Japan’s All Nippon Airways expects the impact from technical issues with the Pratt & Whitney PW1100G engine to ease by end-July, allowing it to ramp up domestic flying.

The Tokyo-based carrier disclosed the timeline as part of scheduled plans for the coming financial year, which begins 1 April. ANA is carrying out inspections on the PW1100G to check for defective high-pressure turbine and compressor discs.

A321neo All Nippon Airways

Source: Airbus

The engine powers its fleet of Airbus A320neo and A321neos, which mainly operate domestic flights. Cirium fleets data shows the airline to have 11 A320neos and 17 A321neos in service.

It previously stated that these inspections – lasting through March – will force it to cut about 30 flights a day, amounting to a capacity reduction of about 3.6%.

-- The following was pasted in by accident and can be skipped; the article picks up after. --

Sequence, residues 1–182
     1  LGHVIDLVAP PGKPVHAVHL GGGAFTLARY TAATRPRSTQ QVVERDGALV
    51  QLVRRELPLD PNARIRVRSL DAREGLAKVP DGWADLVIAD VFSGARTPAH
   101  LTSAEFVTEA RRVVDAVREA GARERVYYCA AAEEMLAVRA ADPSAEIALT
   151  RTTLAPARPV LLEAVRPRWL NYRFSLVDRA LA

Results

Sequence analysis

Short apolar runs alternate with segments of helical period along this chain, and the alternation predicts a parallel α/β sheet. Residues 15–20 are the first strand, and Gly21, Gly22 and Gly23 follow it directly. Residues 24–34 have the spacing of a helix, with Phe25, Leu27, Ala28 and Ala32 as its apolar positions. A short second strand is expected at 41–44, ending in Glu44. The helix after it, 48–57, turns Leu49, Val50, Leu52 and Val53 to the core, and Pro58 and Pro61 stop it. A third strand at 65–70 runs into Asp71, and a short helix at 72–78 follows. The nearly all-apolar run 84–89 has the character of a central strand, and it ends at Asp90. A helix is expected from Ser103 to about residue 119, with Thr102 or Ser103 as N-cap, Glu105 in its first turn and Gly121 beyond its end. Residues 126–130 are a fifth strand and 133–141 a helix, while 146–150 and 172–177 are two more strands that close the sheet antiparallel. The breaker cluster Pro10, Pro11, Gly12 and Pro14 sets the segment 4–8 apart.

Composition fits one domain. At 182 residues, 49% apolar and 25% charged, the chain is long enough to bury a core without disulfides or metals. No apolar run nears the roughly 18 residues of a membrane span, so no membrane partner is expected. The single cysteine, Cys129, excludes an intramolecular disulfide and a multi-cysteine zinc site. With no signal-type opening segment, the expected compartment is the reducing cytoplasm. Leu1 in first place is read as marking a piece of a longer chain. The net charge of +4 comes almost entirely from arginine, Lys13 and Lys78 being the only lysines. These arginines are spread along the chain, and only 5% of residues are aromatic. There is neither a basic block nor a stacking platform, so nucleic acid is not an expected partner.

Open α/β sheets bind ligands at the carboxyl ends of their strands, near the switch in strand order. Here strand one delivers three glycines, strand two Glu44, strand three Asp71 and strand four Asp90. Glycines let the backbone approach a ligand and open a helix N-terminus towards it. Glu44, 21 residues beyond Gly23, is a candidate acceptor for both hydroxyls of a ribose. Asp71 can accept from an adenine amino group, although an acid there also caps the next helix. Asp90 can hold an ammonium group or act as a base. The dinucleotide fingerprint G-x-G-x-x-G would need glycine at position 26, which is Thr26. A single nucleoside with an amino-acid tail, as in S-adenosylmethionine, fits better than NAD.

ANA is expected to disclose the full operational impact of these inspections by late-January.

In its latest statement, the carrier says the impact of the inspections will “be gradually resolved” by the end of July.

P&W parent RTX said in September that it expects an average of 350 GTF-powered A320neo-family jets from the global fleet will be grounded “from 2024 through 2026”, owing to defective high-pressure turbine and compressor disks.

The issue has created significant challenges for airlines globally, and has impacted the earnings of aerospace companies linked to the programme.